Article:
Mark Gold: An Insider’s Look at the Longmeadow FY 2020 Budget

It’s often said that there are two things you don’t want to know: what’s in the sausage and how the town’s budget is created.

I don’t think I can help much with the sausage thing but it’s important to open the door to what’s in the town budget, and how it was created.

At Longmeadow’s May 14th Town Meeting voters will be asked to approve the towns Fiscal 2020 budget. At $73.8 million it is an increase of 2.8% over the current year budget. This nearly $74 million budget represents spending in all categories, including $6.7 million in the fee-based stabilization budgets for water, sewer, storm water, and recycling operations.

Excluding these fee-based utility expenses, the town operating budget is $66.1 million.

The process of preparing the Fiscal Year 2020 budget that begins on July 1st began back in October when the Select Board approved budget guidelines for the Town Manager, who along with department heads and our chief financial officer is charged with preparing a balanced budget for the Select Board’s review and approval. This year’s budget directive instructed the town manager to develop a budget that met the spending policies adopted by the Select Board but held the tax rate increase to no more than 2% – one-half percent below the Proposition 2-1/2 limit.

The specific spending policies that were to be met included allocating an annual contributions to the capital budget (which includes road paving, sidewalks and heavy equipment) that is 3% of general fund operating revenue (not allocated for debt) and funding the town’s Other Post-Employment Benefits (medical benefits for retirees also known by its acronym OPEB) obligations at 1.75% of tax levy revenue.

The goal of these two directives is to maintain the infrastructure investment in the town and provide a long-term funding mechanism for the town’s OPEB unfunded actuarial liability that is more than $22 million. Funding these priority spending areas have been a focus of the Select Board over the past three years. The directive to limit the tax rate increase to no more than 2% was a recommendation of the Finance Committee and will delay the date that the town reaches the tax ceiling imposed by Proposition 2-1/2. It should be noted that although the budget directive set a limit on the increase in the tax rate, it did NOT direct a limit on the expense side of the budget, most of which is labor costs set by long-term contracts with teachers and the five unions that represent other municipal employees.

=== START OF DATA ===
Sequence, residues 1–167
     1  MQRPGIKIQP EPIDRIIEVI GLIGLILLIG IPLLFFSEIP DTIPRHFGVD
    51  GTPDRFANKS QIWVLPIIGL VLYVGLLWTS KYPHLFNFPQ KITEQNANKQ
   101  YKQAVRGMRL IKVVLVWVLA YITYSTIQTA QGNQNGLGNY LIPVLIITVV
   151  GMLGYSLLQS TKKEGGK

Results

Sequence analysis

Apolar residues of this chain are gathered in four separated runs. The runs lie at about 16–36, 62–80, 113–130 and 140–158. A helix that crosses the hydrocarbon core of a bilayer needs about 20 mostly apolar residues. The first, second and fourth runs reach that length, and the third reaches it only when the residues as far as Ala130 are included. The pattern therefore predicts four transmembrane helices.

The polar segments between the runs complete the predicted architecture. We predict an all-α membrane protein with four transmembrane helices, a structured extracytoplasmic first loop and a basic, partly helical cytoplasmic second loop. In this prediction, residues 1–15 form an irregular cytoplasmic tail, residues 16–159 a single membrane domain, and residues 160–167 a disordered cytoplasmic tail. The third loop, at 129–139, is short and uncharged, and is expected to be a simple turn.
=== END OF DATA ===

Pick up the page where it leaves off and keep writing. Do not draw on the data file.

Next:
When the Select Board and School Committee were presented the first look at the FY 2020 budget in October, our Chief Financial Officer expressed concern that a balanced budget might require either a reduction in town services or the compromise of one of the budget directives. So how was the budget balanced? Both good fortune and good planning helped create a budget that met the budget directives and maintained the level of services that town residents have come to expect.

New levels of revenue: Part of the balancing of the budget came from the revenue side. There are three categories of non-tax revenue that will increase in Longmeadow’s FY 2020 budget that reduces the needed tax increase. First, is an increase in the aid that the Commonwealth of Massachusetts provides to each municipality. This revenue – often referred to as Cherry Sheet revenue to reflect the color of the paper it’s printed on – is budgeted to increase in FY 2010 by 6.2%.

Second, FY 2020 represents the first year that the annual casino mitigation fund payment we receive from MGM can be included in the budget. Although we’ve committed to using that revenue to offset public safety and traffic impacts of the casino, the state has required that those funds be included as general revenue, and so the funds are being directed toward public safety expenses in the budget. It should be noted that during the casino mitigation negotiations I insisted that a 2.5% annual escalator be included in the mitigation payment schedule, so this year’s payment of $281,875 is 2.5% above the $275,000 received last year – after the 2019 budget had already been approved.